by GJ Hart
The truck turned and rounded down into the valley. It drove on a mile or so more then indicated, drawing up in front of two huge, wrought iron gates. Almost at once the gates began to open.
The truck continued along a driveway cut through woodland. Past derelict coach houses; a vast, smouldering bonfire; the rusting hulk of a Land Rover, its doorway jammed with the body of a decaying horse. Slowly on until it reached a fountained oval, the mark upon the exclamation that was Parsimillion house.
Tight, leaded windows peered down as the truck came to a stop. They sounded the horn and waited.
From high on the third floor Ben heard them and began to hurry, jabbing quickly into the centre of his wife’s tooth. As the tooth splintered beneath the knife’s tip, he became melancholy: How long, he thought, how long since he’d eaten dessert and how he hoped and prayed they would bring something sweet this time. Even a fucking cheese cake! But he knew, he knew they wouldn’t.
Finally the tooth split and Ben plucked up its gold filling. He scooped six more from a kidney dish on the floor and ran with them from the room, leaving his wife weeping and bleeding behind. Down the stairways, along the hallway and into the gabled reception where he stopped, staring up, breathing hard. A few moments later he was ready. He grabbed his shotgun, and unlocked the doors. Pushing them open with the barrel, he walked out.
Devlin stepped down from the truck, followed by his son. As he walked he began tucking in his shirt then yanked it straight back out, spitting the compulsion away. His son walked to the back of the truck and began unbolting the tailgate.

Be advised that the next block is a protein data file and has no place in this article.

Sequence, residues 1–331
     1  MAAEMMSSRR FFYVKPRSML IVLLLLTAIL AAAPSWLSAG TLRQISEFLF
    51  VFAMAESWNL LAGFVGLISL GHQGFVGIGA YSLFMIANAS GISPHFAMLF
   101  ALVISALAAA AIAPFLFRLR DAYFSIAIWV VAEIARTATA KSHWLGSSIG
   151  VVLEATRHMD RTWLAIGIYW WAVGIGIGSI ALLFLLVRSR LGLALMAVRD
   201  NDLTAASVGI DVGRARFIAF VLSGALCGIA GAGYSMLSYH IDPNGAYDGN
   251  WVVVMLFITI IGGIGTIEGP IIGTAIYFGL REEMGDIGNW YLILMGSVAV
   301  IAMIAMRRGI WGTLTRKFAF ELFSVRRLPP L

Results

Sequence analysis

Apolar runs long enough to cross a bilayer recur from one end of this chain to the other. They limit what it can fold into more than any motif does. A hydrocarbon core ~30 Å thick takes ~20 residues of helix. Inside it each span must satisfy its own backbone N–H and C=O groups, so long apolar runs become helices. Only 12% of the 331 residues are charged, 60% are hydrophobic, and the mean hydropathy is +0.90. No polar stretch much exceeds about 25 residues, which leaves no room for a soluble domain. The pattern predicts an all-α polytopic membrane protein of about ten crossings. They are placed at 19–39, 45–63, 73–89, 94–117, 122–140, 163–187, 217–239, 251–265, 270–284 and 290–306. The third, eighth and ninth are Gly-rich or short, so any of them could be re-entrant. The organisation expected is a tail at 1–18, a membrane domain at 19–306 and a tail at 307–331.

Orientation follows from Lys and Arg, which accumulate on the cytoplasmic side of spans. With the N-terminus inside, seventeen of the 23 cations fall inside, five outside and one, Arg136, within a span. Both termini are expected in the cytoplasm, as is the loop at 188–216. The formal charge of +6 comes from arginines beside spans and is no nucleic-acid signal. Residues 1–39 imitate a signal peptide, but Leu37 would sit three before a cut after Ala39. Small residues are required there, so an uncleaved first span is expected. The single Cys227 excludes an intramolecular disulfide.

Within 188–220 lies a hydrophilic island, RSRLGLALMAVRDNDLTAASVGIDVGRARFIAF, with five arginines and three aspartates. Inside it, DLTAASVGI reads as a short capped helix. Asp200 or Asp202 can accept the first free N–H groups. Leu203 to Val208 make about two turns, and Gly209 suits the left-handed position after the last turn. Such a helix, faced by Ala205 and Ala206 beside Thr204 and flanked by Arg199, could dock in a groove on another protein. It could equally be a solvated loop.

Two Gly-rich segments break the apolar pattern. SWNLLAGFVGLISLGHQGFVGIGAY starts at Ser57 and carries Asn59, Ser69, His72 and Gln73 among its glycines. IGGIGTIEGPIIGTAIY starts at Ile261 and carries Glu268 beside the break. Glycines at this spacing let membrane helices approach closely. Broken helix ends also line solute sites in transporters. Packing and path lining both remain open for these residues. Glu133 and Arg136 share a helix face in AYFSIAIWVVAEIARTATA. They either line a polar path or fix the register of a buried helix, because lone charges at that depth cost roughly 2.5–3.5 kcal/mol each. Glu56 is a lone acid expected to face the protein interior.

“Good morning, Ben,” said Devlin, smiling. “No need for that though is there?”
Ben tightened his grip on the handle of the gun.
“Boy,” shouted Devlin, half turning, “bring me some boxes.”
Ben looked up, distracted by the sound of wind gusting through the distant trees that marked the ends and beginnings of his land. When he looked back, Devlin was studying the boxes handed to him by his son.
“Fish fingers!” he announced, holding up a box. “Five percent fucking fish, and that’s just for starters. We also got oven chips! Sausages! Aaaaaand …” continued Devlin, inexplicably adopting a French accent, “Chicken Kiev!”
Devlin stepped closer, ignoring the gun. “You got mine then?”
Ben didn’t answer. Once he would have torn a man like this down in seconds, but no words came. He dug into his pocket and handed over the gold fillings.
“My dear Ben, you have been busy!” said Devlin, studying them. “And I’m guessing from that smile, these ain’t yours!”
Devlin leant in closer.
“But we both know, don’t we, we both know there’s no need for all this nastiness,” he whispered, forcing his knee into the nozzle of the gun. “We both know what’s buried out in those fields.”
Ben’s lip stretched and rose.
Devlin stepped back, peering down, waiting.
Ben did not speak.
“Fucking unbelievable!” said Devlin, shaking his head and laying the boxes on the ground. He turned and began walking back to the truck, his son following behind. “Your loss, Ben, your loss. I’ve got steaks in the cab,” he shouted over his shoulder.
Ben watched the truck disappear into the trees, picked up the boxes and began walking back to the house. High on the third floor he could see his wife leaning through an open window, her lips stark and clown like.
“Right again,” he thought, “no fucking dessert.”
GJ Hart is a lyricist who is now trying it without the soundtrack. He lives in Brixton in London.